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My Online Class

This is how Butterfly feels about school.

This is how Butterfly feels about school.

I spent the whole summer freaking out about the first online class for my masters in social work, as some of you know. I’m a very anxious student. I always worry that I won’t finish my work in time, and rush and rush, until I’ve finished everything by Tuesday, when it’s not due until Sunday. There is a lot of work for my online Human Rights and Social Justice Class: first of all, because it’s a graduate class, and second because it’s all in eight weeks, so each week is like two weeks of a regular semester. I take notes on everything: the chapters from the terrible textbooks, the scholarly articles, the radio programs, and the video lectures. Even when the information is duplicated and quadruplicated, I take notes each time, just in case I missed something.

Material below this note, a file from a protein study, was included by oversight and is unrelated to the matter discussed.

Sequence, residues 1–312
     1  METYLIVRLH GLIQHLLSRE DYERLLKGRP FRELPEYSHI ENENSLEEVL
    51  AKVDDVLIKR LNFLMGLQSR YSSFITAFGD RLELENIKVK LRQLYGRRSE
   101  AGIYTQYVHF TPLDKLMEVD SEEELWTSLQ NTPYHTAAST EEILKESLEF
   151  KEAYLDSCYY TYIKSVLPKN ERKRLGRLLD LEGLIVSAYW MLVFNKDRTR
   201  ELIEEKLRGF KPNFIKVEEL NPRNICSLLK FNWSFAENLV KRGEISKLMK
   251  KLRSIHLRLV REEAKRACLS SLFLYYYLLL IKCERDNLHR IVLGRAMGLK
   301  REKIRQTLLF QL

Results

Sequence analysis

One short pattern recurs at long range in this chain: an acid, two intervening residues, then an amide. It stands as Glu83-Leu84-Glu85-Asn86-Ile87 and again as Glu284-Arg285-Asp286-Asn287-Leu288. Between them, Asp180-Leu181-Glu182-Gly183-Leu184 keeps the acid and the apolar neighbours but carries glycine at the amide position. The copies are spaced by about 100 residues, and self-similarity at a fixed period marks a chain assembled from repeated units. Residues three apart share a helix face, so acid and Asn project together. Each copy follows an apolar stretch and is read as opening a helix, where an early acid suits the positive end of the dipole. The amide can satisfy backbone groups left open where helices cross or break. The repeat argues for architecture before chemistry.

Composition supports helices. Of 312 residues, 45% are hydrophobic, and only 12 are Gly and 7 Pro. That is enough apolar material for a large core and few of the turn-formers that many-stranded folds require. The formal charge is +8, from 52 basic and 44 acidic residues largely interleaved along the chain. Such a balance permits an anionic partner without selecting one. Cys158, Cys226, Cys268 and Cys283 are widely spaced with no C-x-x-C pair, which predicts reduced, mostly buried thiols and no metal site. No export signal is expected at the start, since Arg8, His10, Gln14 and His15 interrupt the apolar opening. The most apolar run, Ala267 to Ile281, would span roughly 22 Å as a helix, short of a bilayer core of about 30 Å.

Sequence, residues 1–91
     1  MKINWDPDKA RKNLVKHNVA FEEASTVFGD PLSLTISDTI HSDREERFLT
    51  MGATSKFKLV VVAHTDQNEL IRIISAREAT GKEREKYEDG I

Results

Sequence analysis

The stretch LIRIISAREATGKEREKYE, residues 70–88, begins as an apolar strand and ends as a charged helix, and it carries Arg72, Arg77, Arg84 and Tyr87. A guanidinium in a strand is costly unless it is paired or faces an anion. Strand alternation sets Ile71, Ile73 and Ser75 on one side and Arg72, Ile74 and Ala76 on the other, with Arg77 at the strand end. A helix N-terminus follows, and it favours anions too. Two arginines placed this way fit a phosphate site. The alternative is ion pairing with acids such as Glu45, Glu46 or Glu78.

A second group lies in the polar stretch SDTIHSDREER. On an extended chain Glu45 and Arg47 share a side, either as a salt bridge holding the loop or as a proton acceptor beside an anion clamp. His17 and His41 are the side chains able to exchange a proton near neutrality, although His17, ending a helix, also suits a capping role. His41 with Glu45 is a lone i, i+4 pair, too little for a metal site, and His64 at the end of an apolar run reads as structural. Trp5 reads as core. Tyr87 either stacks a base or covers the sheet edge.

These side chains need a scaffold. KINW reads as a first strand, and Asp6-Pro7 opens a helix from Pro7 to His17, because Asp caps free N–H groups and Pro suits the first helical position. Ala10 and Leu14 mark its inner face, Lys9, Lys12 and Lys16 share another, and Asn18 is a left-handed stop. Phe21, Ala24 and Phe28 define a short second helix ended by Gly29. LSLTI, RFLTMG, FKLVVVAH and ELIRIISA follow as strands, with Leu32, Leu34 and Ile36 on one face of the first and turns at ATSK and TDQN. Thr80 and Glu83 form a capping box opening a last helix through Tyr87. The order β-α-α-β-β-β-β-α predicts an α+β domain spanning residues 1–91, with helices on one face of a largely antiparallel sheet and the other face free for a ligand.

I hope this will calm down soon and I will start to trust myself a bit with this new school format. I’m kind of enjoying arguing with all of these authors as I read their work – and one of our weekly assignments for class is a reflection journal to “process” what we’ve learned, so I can rant and go off on tangents and have my say and, eventually, the teacher has to read it.

Human Rights and Social Justice as a title for a class sounds daunting. It suggests a seriousness and a comprehensive-thousand-page-thesis vision of learning, but the reality of the class has been more down to earth. The Professor focuses on manageable doses of vocabulary and ideas, rather than expecting the TRUTH to come down from heaven and infuse us with a burning light.

There is an acceptance that these terms are so big as to be almost meaningless, or to carry many meanings within them. We each use these terms, and every term we learn in the jargon of social work, to mean specific things that they may not mean to other people: words like distributive justice, and equal rights, and positionality, and intersectionality, and internalized oppression, and on and on.